TORONTO - Fans, confused tourists, a few outside city workers and various security personnel gathered at Nathan Phillips Square to celebrate the Toronto Argonauts’ Grey Cup victory on Tuesday afternoon.
A low-key celebration for a team fighting hard to stay relevant on Toronto’s busy sports map.
Everything about Tuesday’s parade and Grey Cup presentation at Nathan Phillips Square screamed “Argos!”. The crowds weren’t huge, though respectable and enthusiastic, and by the end of the proceedings, a little tired and cranky.
Still, it was good day — if a little low-key — and Argos’ CEO Chris Rudge said the key now is for the franchise to figure out a way to capitalize on Sunday’s Grey Cup victory on home turf at Rogers Centre.
“The job has started,” Rudge told the Toronto Sun. “We’ve demonstrated that we’ve got a good foundation. General manager (Jim) Barker and coach (Scott) Milanovich have put together a good strong team and coaching staff. We’ve demonstrated success, but we can’t rest on this. We’ve got to keep moving forward with the team, we have to set the next set of goals and we’ll keep working on that. More importantly, as a business, we still don’t have the house packed, we’re losing money, and the next step is to make this something that is a profitable franchise that’s got true enterprise value.
“I talked to Mr. (David) Braley (the owner) about these things. We’re looking towards, by the end of 2014, making this a profitable business, giving it value and then putting it in a position where an investor may want to come in whenever Mr. Braley’s ready to sell.”
For the Argos to truly become a trendy destination for Toronto sports fans (i.e. Toronto FC), the team has to move out of the cavernous Rogers Centre. But at this point, there are no plans to do so, at least not officially. Failing that, the key is for the team to keep winning, and Rudge promised just that when he addressed the crowd at NPS.
The Grey Cup parade started at Yonge and Wellington and made its way up Bay St. to City Hall. Fans stood 2-3 deep, as bagpipe bands (playing The Maple Leaf Forever), cops on horseback, fire trucks, cheerleaders and eventually the players and coaches approached City Hall. Defensive tackle Adriano Belli, the Kissing Bandit, who was thrown out of Sunday’s game for trying to rip Calgary offensive lineman Jon Gott’s arm off, stood on top of a cab of a pick-up truck, smoking a cigar and waving at the fans, forever the showman.
The crowd was a fraction of the size of the turn-out from the Blue Jays’ 1993 World Series celebration, and definitely older. But it gave the proceedings a home-spun feel, as people stood patiently in the cold, waving Argos and Canadian flags and blowing plastic horns.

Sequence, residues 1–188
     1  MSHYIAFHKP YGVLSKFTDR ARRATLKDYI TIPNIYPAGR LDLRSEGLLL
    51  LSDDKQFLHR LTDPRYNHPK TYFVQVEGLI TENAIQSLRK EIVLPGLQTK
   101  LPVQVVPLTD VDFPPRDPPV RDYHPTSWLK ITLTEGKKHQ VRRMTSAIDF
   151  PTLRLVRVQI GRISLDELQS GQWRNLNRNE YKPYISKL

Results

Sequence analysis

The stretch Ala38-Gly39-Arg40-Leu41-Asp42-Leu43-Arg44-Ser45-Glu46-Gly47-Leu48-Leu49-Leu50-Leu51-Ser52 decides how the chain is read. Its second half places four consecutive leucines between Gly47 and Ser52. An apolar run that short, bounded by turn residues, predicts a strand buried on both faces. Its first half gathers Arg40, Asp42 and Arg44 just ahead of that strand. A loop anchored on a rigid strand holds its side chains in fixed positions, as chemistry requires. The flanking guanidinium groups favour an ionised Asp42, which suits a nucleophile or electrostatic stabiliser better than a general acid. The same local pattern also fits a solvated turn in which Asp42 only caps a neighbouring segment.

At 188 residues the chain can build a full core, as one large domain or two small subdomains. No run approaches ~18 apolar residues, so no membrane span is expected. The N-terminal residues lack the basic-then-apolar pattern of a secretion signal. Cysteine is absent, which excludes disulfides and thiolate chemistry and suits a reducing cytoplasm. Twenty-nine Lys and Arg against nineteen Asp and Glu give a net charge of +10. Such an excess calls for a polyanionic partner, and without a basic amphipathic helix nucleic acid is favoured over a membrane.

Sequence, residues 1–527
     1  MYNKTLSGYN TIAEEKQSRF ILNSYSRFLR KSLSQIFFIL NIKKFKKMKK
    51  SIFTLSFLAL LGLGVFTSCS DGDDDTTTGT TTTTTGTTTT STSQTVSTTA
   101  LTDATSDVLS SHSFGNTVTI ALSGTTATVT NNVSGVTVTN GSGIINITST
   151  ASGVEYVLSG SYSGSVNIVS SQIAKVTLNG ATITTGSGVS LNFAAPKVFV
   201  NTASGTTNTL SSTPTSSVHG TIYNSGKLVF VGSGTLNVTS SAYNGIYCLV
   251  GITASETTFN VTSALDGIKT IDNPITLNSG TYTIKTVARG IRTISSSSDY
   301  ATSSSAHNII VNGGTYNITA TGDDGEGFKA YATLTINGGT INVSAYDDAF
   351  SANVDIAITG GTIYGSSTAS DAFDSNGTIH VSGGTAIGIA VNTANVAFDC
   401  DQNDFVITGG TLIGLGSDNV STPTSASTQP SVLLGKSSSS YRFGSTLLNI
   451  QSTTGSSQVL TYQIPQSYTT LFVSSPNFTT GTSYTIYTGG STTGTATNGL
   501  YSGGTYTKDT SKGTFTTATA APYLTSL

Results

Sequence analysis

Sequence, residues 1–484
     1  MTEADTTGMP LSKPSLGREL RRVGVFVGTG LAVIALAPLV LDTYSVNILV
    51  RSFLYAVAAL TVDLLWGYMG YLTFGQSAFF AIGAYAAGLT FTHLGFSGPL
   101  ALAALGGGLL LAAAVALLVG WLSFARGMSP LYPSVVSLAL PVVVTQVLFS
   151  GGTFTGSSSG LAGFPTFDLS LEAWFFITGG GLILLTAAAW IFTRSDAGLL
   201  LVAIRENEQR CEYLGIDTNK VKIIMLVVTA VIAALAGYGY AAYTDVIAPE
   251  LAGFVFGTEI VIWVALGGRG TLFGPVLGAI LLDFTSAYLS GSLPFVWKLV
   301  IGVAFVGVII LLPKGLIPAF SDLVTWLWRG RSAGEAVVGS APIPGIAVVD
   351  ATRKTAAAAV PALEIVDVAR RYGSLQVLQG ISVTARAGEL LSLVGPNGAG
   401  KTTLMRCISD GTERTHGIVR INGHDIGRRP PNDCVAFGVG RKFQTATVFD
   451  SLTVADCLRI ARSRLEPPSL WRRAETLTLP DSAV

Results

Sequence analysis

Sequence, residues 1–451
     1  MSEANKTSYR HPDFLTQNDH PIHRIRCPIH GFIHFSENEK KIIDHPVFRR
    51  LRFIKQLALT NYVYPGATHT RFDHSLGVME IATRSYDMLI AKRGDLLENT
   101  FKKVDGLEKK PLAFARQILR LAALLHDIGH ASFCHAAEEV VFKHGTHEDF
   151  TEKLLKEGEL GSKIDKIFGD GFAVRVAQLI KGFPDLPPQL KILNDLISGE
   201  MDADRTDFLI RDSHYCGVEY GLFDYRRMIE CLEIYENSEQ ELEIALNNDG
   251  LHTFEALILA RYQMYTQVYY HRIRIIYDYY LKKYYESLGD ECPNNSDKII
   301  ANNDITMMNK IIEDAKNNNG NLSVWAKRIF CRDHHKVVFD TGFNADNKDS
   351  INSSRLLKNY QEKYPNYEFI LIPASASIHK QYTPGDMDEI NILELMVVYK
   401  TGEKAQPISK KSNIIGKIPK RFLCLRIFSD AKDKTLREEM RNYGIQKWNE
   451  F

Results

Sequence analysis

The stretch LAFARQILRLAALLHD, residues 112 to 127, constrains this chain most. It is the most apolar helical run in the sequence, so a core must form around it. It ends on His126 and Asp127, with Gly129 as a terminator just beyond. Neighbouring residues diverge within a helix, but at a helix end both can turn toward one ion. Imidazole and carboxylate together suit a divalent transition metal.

One Argos fan, standing by himself in front of Old City Hall, began singing the: “I’d rather be an Argo than a dirty Tiger-Cat” song, if that, indeed, is an actual song. Nobody paid him any mind.
Unfortunately, the festivities were too far slow to wrap up. As people made their way to NPS for the speeches and the presentation of the Grey Cup to the mayor, the crowd became increasingly impatient. The annoying MC didn’t help, repeatedly promising that the players would be out any minute. At one point he started a seven-minute countdown, and then another about 15 minutes later. Periodically he screamed into the mic, “Argos fans make noise!”. And they would, and then nothing would happen. That went on for at least a half hour. An older woman who was cheering and screaming and waving her Argos flag when the celebration began, lost her patience as it dragged on and finally screamed “Come on already!” At one point, the MC asked the fans to give it up for the Argonaut cheerleaders, who had already been bopping on the stage for at least 45 minutes. It’s like somebody forgot to tell the players that they were supposed to make an appearance.
Finally, the first player was introduced, Belli, followed by the rest of the team, with cornerback Jordan Younger carrying the Grey Cup.
“You’re the greatest fans in the world!” Rudge screamed into the mic. But by then, many of the greatest fans in the world had left. Eventually mayor Rob Ford, wearing an Argos’ jersey with the No. 1, took the stage, apparently fully recovered from his unfortunate experience with the Canadian judicial system. His Bombasticness was probably the loudest, most pumped speaker of the bunch, calling the Argos’ win “a dream come true” urging everyone to buy seasons tickets.
As Ford spoke, a guy with a red clown nose wandered waving a little Argos flag. A number players and coaches then said a few words, but for some reason, the P.A. system had been cranked down, and they could hardly be heard. One guy selling Argos flags screamed: “Speak up! Can’t hear nothin’ here.”
And then the ceremonies wrapped up and everyone went home.